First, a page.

In this article, we're going to talk about Clean Architecture and its many benefits.
- Knowledge of C# and .NET
- Basic understanding of the Dependency Inversion Principle
Let's get right to it.
The smallest possible number of projects for an application architecture in .NET is one. Here, the entirety of the application, the business, presentation, and data access logic is contained in a single project, compiled to a single assembly, and deployed as a single unit. This type of all-in-one architecture might serve small applications well, but as applications get bigger this becomes unsustainable.
Folders relating to each aspect of the project can keep growing and get scattered across with no apparent cohesiveness between related folders, for example, user interface logic can reside in different folders (models, views, controllers), same with business and data access logic. Along with this, there is no clear indication of which classes in which folders should depend on which others. This lack of organization at the project level frequently leads to what is called spaghetti code.
To mitigate the issues mentioned above, applications often evolve into multi-project solutions, where each project represents a particular layer of the solution. Layers represent logical separation within the application. They are a way to manage complexity by breaking an application into different parts according to its responsibilities or concerns.
The most common organization of application logic into layers is shown below.
This is the entry point of the application. It is the part of the application that the client/user interracts with.
This part is where the main implementation of an application is carried out. This part is responsible for solving whatever problem the application has set out to solve.
This is the part of the application that provides easy and simplified access to data stored in persistent storage, eg data stored in an SQL database.
Using this architecture, user can communicate with the UIL, which in turn communicates with the BLL, which communicates with the DAL. The UIL should not speak to the DAL directly, or implement persistence by any other means. This way, each layer has its own well-defined responsibility.
However, this traditional layering approach also has a disadvantage, because dependencies seem to flow downward; the UIL depends on the BLL, and the BLL on the DAL. The business logic layer, which usually holds the most important logic of the application, depending on the data access details poses a problem, for example, tesing the BLL can be difficult because we now require a test database. Making changes to your data access details can also result in changes to the BLL.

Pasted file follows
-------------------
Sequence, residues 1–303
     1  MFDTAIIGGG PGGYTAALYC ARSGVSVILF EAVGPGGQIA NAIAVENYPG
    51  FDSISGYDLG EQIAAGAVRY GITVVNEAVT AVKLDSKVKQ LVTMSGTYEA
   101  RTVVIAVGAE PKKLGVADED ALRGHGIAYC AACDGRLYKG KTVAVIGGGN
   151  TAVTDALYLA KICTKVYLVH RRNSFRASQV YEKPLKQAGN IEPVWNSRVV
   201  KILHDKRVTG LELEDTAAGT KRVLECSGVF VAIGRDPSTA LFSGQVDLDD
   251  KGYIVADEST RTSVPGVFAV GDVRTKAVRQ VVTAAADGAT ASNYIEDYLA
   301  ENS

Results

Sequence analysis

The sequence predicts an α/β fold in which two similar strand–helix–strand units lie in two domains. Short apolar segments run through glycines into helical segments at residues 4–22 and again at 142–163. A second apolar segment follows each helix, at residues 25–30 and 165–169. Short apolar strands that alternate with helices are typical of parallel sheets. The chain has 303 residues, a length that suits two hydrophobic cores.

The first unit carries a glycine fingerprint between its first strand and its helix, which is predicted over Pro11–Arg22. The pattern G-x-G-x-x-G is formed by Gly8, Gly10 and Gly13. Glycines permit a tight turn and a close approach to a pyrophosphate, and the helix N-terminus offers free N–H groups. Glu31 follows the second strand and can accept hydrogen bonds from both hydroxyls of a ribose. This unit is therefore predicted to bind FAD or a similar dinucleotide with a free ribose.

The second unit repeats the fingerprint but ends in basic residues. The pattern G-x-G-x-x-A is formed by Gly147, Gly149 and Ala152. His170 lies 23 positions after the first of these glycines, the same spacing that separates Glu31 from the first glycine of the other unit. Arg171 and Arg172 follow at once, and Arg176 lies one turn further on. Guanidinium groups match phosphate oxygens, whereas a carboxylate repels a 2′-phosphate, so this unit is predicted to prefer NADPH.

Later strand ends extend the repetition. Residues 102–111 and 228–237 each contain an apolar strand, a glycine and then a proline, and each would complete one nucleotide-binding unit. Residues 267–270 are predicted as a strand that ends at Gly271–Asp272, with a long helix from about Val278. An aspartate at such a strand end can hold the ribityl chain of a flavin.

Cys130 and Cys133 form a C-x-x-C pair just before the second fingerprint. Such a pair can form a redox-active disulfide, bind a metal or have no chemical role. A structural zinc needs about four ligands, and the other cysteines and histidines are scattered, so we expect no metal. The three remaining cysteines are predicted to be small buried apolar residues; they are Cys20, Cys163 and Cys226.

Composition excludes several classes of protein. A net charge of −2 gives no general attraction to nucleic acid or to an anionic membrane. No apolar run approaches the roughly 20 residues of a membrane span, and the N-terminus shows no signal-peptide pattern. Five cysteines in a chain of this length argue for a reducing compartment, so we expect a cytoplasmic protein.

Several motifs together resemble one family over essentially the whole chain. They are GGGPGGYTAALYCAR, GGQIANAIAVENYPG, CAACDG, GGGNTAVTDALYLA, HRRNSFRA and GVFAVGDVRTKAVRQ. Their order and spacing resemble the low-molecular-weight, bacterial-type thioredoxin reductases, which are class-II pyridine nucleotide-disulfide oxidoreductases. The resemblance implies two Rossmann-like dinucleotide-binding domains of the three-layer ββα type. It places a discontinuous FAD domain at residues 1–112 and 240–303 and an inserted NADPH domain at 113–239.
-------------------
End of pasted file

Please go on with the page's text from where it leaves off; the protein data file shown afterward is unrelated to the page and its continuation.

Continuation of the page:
Clean architecture puts the business logic at the center of the application. This is achieved mainly by following the Dependency Inversion Principle (DIP). If you're unfamiliar with this topic, you can check out a brief overview here.
Instead of having the application core (which contains the business logic) depend on data access and other infrastructure details, this dependency is inverted; infrastructure and implementation details depend on the application core. This is achieved by defining abstractions (interfaces) in the Application Core, which will be implemented by types defined in the Infrastructure layer. Below is a diagram depicting a common visualization of Clean Architecture.
As you can see from the figure above, dependencies in Clean Architecture flow inward, and the Application Core has no dependencies on any other layers. The entities and interfaces are at the very center. Outside this, but still in the Application Core, we have the domain services, which typically implement the interfaces defined in the inner circle.
The Infrastructure and UI layers both depend on the Application Core, but not necessarily on each other. Since the Application Core doesn’t depend on the Infrastructure, it’s very easy to write automated unit tests for this layer. Also, since the UI layer doesn't have any direct dependency on the Infrastrucure layer, it is also easy to swap out implementations, either for testing purposes or due to changing technical requirements (for example, switching the UI layer from a MVC project to a Web API).
Layers in applications that follow Clean Architecture have specific, well-defined responsibilities. As such, certain types belong in each project, and developers can easily find where certain functionality is implemented.
The Application Core contains the main business logic of the application; the entities, interfaces, and the domain services, along with few other types central to the business logic.
- Data Transfer Objects
- Custom Exceptions and Handlers, etc
The Infrastructure project typically includes data access implementations. In a project developed using Entity Framework, the Infrastructure layer would also contain the DbContext implementation, and any migration objects that have been created. The Infrastructure layer is also where you would find infrastructure-specific services (eg mailing services). These services would implement interfaces defined in the Application Core
- EF Core DbContext
- Infrastructure-specific services
This layer is the entry point of the application. It is also in this layer that the application is configured and implementation types are provided for interfaces defined in the Application Core.
- Custom middlewares/filters
This has been a brief overview of Clean Architecture and its benefits. Microsoft has provided a sample ASP.NET Core 6.0 reference application implementing Clean Architecture. You can view it here to get a more practical understanding of this topic.
Microsoft Documentation - https://learn.microsoft.com/en-us/dotnet/architecture/modern-web-apps-azure/common-web-application-architectures
EShopOnWeb - https://github.com/dotnet-architecture/eShopOnWeb